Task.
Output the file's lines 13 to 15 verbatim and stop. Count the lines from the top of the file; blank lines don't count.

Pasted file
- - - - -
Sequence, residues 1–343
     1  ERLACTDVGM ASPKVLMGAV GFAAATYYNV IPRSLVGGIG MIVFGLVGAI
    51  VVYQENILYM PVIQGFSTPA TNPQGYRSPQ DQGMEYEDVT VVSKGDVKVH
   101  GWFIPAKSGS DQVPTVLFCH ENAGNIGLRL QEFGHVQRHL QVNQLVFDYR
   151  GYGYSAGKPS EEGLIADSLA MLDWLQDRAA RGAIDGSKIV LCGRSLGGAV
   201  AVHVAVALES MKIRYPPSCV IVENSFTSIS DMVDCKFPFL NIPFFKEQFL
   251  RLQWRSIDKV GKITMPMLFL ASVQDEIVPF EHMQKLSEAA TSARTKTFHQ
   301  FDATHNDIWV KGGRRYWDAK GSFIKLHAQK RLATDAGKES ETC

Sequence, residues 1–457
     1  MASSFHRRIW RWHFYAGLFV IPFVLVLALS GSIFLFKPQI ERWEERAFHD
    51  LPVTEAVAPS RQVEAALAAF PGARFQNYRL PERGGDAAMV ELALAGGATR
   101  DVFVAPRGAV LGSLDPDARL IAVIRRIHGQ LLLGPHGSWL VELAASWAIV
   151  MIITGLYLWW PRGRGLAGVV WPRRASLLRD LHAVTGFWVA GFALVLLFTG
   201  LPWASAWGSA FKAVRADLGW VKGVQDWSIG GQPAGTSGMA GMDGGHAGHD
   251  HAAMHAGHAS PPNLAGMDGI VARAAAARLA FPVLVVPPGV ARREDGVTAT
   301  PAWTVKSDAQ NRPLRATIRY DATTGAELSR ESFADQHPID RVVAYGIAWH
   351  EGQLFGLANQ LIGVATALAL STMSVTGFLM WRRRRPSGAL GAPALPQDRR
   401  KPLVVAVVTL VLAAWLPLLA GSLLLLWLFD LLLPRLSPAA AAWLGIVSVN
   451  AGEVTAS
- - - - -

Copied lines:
   151  MIITGLYLWW PRGRGLAGVV WPRRASLLRD LHAVTGFWVA GFALVLLFTG
   201  LPWASAWGSA FKAVRADLGW VKGVQDWSIG GQPAGTSGMA GMDGGHAGHD
   251  HAAMHAGHAS PPNLAGMDGI VARAAAARLA FPVLVVPPGV ARREDGVTAT